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Zeno's Paradox and Modern Physics

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By large-hammer - Posted on 02 September 2002

by Marcus Booker
The paradoxes of Zeno, a pre-Socratic Greek, have always posed a major problem for "continuous/infinite" mathematical theory. I have come to believe that the only satisfactory solution is to abandon the "continuity" paradigm assumed by these ancient paradoxes in favor of the "discrete" view. Thus my argument is for the discrete view, which I will expound upon further in this article. Moreover, this solution also makes sense of many of the "anomalies" of modern physics, including the "jumping of electrons" or "Plank's distance."The paradoxes of Zeno, a pre-Socratic Greek, have always posed a major problem for "continuous/infinite" mathematical theory. I have come to believe that the only satisfactory solution is to abandon the "continuity" paradigm assumed by these ancient paradoxes in favor of the "discrete" view. Thus my argument is for the discrete view, which I will expound upon further in this article. Moreover, this solution also makes sense of many of the "anomalies" of modern physics, including the "jumping of electrons" or "Plank's distance."Zeno had many paradoxes, but all of them posed the same problem for "continuity." Thus focusing on one paradox should suffice for the purpose of this article. I will focus on the paradox of Achilles and the Tortise.


Also, before I start, I must define what I mean by "continuous/infinite." An example might best define it: If I were to travel one straight mile (from "point A" to "point B"), I would be moving along a segment of a "line," and I would pass through an infinite number of "points" between A and B. My travel along that line is completely continuous and smooth, inasmuch as I pass through an infinite number of points. There are no jumps. This is the continuous model.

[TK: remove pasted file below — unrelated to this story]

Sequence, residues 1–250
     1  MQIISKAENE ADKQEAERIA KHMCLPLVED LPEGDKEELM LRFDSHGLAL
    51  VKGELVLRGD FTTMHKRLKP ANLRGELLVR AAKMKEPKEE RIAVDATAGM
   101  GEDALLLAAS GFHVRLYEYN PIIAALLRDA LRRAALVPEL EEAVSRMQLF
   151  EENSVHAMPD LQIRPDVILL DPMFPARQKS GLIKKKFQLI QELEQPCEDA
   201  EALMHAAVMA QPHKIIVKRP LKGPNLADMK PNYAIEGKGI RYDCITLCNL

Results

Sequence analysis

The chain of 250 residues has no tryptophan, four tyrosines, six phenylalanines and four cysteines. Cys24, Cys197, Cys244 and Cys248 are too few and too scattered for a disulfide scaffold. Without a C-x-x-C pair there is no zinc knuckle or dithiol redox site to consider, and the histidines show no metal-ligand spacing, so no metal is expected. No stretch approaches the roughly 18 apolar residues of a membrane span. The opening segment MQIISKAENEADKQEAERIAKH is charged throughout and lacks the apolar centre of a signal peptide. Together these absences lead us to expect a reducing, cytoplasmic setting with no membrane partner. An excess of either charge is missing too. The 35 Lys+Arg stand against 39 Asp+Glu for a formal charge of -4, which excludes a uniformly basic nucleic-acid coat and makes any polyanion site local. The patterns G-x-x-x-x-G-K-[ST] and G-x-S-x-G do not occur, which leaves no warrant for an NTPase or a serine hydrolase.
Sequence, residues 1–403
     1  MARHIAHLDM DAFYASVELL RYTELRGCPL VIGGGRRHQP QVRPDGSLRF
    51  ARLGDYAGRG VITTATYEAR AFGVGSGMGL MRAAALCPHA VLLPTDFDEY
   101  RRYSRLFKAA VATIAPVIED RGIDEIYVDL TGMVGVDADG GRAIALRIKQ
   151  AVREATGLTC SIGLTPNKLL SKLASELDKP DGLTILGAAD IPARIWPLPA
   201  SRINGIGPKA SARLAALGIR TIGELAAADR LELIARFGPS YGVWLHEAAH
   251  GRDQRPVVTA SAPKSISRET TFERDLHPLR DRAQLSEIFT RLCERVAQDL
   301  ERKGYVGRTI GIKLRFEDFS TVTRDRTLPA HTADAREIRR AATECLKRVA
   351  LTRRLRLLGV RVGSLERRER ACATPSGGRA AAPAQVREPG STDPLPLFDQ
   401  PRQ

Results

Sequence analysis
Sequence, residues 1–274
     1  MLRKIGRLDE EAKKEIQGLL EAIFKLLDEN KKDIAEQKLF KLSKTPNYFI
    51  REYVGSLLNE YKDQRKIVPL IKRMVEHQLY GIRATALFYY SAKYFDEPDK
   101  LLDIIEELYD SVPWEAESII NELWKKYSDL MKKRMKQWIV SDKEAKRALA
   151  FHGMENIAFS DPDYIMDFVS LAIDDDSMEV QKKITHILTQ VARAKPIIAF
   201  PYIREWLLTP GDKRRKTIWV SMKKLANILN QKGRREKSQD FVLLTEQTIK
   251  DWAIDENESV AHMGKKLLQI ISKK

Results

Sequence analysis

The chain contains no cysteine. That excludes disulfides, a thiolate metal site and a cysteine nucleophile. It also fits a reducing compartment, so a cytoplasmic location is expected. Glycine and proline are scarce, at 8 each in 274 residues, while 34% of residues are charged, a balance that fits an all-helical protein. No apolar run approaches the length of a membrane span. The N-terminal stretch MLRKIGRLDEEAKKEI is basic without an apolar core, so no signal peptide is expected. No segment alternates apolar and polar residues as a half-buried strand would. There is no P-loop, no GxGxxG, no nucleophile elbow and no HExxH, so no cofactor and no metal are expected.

The mathematical model above is the model assumed by Zeno's paradoxes. Yet his paradoxes completely disprove this model; they reveal its impossibility. They especially reveal the inadequacy of that model in describing the real world on a micro-level. [Note: The "continuous/infinite" model is still useful on a macro-level, much like Newton's physics is useful when the speed of light approaches zero].


Zeno imagined a foot race between the world's fastest creature (Achilles) and the world's slowest creature (the Tortise). The tortise had a head start of one mile.

The race begins!

Before Achilles can pass the tortise, he must first travel one mile and make it to the tortise's original starting point. So Achilles does this. But by that time, the tortise has traveled ten feet. So the tortise is still ten feet ahead.

Achilles then must travel the ten feet, before he can pull ahead. But by that time, the tortise has traveled an additional inch. So the tortise remains an inch ahead.

Achilles next must travel the inch before he can catch up, but by that time, the tortise has moved another hair's width. So the tortise is a hair's width ahead of Achilles.


You can probably see the pattern here, how this progression would go on forever! And indeed, it would never end (as the paradox is modeled). Achilles would never surpass the tortise! The tortise would always be just a little bit ahead!

Actually, according to continuity (as shown by another of Zeno's paradoxes), neither one of the two competitors would have even been able to start the race at all, but I digress.